• Is your company name contained anywhere in the cover letter or resume, if not then it has potential for disposal
If it passes these tests then you can begin to look at it in more detail. I've found that this typically removes up to 80% of resumes and I promise you that individuals that make the above errors are rarely a wise hire. What you are essentially looking for is whether or not the candidate took the time to apply to your position, if not then you shouldn't take the time to read their application.
Returning back to job sites, once you have whittled the resumes down to a manageable level and begin to examine them more closely, you will notice that only 10-30% are potential hires based on education, past experience etc. The key now - and this applies to any resume you receive - is to initiate a phone conversation to gauge their level of communication. A very large chunk of your applicants will originate from places like India and China and may speak very poor English. You must at this point determine how much you plan to communicate with your developer and what it is they will be working on. In 95% of cases I would say that you will communicate a lot and that good communication is the most important skill they can possess. If you expect them to work on routine engineering with a detailed written project plan, and you have a copywriter then you can sacrifice on communication slightly. Once you've completed this process you'll discover that only a small fraction (maybe 2%-4%) of the applicants are actually worth interviewing. I suspect that the reason for this, and this is purely speculative, is that the most talented employees have found jobs through networking, reputation, etc. and a large chunk of those on job sites are the ones that are struggling to find placement. Once again, this does not always apply; I have found some truly spectacular employees this way, but be prepared to prune a large number of resumes. To wrap up, you should use job sites as a secondary option. I've submitted posts where I've found a number of suitable applicants, and I've also had some where not a single candidate was acceptable. 

The next resource I've used several times is staffing companies and in general, the experience has been negative. Commissions for staffing companies go as high as 25% of the employee’s first year income, and can be negotiated as low as 8%. Despite my negative experiences, success can be achieved by applying some rules. First off, you will be approached by dozens of staffing companies as soon as your position hits a job board so be very selective. The staffing company or individual you choose must specialize and have experience in recruiting software developers. This will save you lots headaches and wasted time. Secondly, ask the staffing company where they source from and how the candidates differ from those on job boards. You are looking for a company that brings you high potential individuals that are found through years of networking. Finally, meet with the recruiter in person, explain to them what you are looking for, and ask them to re-iterate in their own words the sorts of candidates they will send you. You would be surprised how many will send you resumes that ignore certain predefined criteria. The criteria most often ignored is communication, so I suggest that you clarify what the recruiter what classifies as average vs. good vs. excellent communication. Once you've chosen a staffing company, negotiate furiously as there is often room to bring the commission rate down.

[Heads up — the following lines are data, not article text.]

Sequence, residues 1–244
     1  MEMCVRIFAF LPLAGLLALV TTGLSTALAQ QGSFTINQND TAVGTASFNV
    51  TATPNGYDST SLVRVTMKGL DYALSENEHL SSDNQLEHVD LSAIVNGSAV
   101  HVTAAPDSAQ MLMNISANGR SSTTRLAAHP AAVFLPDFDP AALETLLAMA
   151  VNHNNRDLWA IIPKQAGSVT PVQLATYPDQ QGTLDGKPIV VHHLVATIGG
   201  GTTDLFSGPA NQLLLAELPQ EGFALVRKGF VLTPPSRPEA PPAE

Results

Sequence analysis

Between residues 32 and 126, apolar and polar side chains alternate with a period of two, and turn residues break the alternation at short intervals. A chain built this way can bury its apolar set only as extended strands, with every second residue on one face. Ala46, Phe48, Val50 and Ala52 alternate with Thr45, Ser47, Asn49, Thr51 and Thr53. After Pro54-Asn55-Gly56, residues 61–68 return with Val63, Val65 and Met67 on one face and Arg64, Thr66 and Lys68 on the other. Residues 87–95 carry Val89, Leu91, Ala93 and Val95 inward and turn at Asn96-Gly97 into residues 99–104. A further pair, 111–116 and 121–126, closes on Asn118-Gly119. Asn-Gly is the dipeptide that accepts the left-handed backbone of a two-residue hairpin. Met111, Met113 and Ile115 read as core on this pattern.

So what are the best sources? Well, once your company has developed a bit more exposure, your company website can become a good source for collecting resumes as applicants will typically take more care in preparing their submission as they likely have a stronger desire to work for your company. Another free alternative is Craigslist which is becoming increasingly popular with job seekers, and best of all doesn't cost anything so why not give it a try. With LinkedIn's user base growing rapidly, I recently decided to post a job on their board as the price point was attractive at only $125. Although I received a smaller number of resumes then I did through other job sites, the quality of applicants seemed to be better. Most importantly I found an excellent candidate that my recruiter was unable to find for over a month. Given my sample size of 1 it is difficult for me to conclude that LinkedIn is a great resource, but once again, with the relatively low price it's certainly worth trying. The best resource however is networking. Create a referral program at your company whereby anyone that identifies a successful candidate is awarded a payment of X dollars. Since a recruiter will cost you at least 10%, you are looking at a cost of $5K-$20K so why not use this as reward money and have people you know and trust do the work for you. With the advent of social network tools such as Twitter, companies with a large number of followers can extend this reward to the public domain. A number of companies have started doing this and seen a great deal of success.
My next post will look at the specific traits and skills that you should look for and the interview process in general. 

If you liked this post please follow me on Twitter for more